Data and health directors’ observations suggest that pandemic lockdown increased overdoses, which declined as state reopened

Graph from Kentucky Injury Prevention Research Center, University of Kentucky

By Melissa Patrick
Kentucky Health News
Apparent overdoses reported by Kentucky hospitals and ambulance services shot up in the two months after Gov. Andy Beshear declared a state of emergency because of the covid-19 pandemic, and have been on a downward trend since the state started reopening in mid-May.
“I don’t want to give false hope,” Dana Quesinberry, research core director for the Kentucky Injury Prevention and Research Center, said as she explained the data on hospital emergency departments’ and emergency medical services’ reports of “overdose encounters,” a term KIPRC uses because overdoses may be suspected but not necessarily confirmed.

“We are still at higher levels than we’ve ever been, but the fact that we are seeing that decline over the last few weeks is very important,” Quesinberry said. “There is hope that we are making progress again, so whatever triggered the increase is being managed or mitigated in some way.”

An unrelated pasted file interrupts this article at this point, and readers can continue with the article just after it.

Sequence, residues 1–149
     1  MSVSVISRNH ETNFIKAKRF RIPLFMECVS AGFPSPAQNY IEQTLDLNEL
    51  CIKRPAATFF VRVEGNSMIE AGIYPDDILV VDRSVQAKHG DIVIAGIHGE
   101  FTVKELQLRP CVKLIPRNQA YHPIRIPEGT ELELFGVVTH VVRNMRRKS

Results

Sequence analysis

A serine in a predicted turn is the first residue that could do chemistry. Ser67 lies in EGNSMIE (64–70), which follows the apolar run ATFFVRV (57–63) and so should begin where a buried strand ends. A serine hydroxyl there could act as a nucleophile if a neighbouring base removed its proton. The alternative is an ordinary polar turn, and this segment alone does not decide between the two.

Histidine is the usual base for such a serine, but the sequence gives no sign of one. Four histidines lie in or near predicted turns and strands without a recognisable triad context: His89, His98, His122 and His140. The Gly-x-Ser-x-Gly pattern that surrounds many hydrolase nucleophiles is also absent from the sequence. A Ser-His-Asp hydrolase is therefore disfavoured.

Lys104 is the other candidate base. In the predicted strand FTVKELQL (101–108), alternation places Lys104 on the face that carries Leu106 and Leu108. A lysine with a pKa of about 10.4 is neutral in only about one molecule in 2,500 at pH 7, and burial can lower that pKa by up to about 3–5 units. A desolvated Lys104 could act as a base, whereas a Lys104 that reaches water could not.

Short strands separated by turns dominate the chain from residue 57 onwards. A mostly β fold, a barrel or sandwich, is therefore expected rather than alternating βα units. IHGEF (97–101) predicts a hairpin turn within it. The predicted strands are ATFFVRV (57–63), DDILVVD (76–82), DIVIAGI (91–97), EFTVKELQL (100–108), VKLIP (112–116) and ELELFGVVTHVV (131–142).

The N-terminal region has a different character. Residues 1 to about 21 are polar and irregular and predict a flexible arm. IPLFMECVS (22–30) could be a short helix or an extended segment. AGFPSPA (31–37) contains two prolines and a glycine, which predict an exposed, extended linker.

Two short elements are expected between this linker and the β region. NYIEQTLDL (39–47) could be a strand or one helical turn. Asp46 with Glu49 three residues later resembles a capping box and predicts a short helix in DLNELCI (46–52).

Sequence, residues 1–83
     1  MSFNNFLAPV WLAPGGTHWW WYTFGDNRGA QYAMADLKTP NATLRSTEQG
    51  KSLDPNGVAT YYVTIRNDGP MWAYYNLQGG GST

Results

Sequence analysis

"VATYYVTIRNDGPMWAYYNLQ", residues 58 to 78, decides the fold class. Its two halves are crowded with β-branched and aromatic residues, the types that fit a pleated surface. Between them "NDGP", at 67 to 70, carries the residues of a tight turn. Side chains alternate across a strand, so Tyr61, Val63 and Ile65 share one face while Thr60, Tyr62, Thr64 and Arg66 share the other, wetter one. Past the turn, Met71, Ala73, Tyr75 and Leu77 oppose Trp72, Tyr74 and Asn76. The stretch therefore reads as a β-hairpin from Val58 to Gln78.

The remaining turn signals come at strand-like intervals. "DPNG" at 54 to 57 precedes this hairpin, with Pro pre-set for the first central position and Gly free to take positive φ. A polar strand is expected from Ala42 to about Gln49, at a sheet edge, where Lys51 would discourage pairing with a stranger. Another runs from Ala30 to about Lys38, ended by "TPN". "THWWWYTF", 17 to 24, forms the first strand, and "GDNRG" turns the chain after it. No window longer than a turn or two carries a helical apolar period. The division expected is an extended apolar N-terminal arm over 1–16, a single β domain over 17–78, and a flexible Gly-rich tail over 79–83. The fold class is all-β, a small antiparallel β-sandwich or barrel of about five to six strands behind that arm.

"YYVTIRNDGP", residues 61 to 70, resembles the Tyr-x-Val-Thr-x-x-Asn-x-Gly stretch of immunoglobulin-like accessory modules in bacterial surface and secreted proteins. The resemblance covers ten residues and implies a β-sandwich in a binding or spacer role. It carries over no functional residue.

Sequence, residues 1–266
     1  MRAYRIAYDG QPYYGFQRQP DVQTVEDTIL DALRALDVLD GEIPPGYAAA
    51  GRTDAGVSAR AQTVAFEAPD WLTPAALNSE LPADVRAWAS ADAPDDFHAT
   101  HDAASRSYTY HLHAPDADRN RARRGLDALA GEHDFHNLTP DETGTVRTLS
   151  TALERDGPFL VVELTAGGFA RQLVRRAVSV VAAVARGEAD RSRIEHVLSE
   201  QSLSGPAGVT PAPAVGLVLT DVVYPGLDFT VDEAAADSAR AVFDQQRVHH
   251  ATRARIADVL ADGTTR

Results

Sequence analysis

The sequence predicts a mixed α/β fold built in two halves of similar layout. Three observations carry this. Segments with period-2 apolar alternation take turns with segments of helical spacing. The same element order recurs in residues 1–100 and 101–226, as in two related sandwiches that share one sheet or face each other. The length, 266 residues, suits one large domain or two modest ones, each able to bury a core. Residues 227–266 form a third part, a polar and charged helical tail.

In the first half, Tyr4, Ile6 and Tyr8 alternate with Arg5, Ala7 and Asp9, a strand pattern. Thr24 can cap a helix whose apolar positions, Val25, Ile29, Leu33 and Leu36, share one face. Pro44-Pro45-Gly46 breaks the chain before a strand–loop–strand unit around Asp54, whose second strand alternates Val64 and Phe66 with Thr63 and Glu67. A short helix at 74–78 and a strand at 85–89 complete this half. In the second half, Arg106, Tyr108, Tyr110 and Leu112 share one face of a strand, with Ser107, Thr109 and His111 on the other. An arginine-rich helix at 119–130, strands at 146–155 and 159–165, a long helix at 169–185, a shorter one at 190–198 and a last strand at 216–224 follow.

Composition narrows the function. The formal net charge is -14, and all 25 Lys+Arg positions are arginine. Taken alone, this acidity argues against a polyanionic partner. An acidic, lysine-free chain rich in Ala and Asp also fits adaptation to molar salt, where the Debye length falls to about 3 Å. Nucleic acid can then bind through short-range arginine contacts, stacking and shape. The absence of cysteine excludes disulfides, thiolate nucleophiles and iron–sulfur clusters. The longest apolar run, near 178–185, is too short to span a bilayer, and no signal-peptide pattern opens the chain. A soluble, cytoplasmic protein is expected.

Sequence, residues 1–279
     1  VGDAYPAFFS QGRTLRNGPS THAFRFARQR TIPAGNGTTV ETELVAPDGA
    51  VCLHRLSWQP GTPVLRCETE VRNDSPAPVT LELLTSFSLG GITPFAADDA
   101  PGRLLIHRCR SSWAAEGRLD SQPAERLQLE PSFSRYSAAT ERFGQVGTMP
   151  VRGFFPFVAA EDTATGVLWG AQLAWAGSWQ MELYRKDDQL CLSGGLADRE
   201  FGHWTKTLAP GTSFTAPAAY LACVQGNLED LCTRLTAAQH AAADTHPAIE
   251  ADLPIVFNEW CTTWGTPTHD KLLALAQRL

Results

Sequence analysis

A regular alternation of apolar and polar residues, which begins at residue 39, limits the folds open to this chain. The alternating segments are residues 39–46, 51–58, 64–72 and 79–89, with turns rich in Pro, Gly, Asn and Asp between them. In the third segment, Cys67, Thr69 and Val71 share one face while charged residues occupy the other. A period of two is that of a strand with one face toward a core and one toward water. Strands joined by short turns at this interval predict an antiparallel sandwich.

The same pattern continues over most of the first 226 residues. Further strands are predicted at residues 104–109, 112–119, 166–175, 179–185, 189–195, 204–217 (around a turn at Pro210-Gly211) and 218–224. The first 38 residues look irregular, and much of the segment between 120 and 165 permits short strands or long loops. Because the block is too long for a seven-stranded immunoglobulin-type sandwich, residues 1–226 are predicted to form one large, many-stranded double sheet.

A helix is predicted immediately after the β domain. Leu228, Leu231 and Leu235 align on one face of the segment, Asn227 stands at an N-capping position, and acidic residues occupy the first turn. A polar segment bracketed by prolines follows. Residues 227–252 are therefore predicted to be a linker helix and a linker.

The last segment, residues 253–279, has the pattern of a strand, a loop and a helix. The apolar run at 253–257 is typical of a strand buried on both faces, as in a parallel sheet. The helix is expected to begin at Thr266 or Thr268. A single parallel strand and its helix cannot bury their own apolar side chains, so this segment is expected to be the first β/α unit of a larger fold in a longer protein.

She said the data coincides with preliminary reports that also shows an uptick in overdose deaths during April and May. Quesinberry said official 2020 overdose death numbers are not yet available, but “Preliminary data indicates that we have had increases in drug overdose deaths during covid.” For April, “We are still looking at a monthly count that exceeds at least anything in the prior couple of years, in a month total.” She added later, “We are seeing increases in May as well.”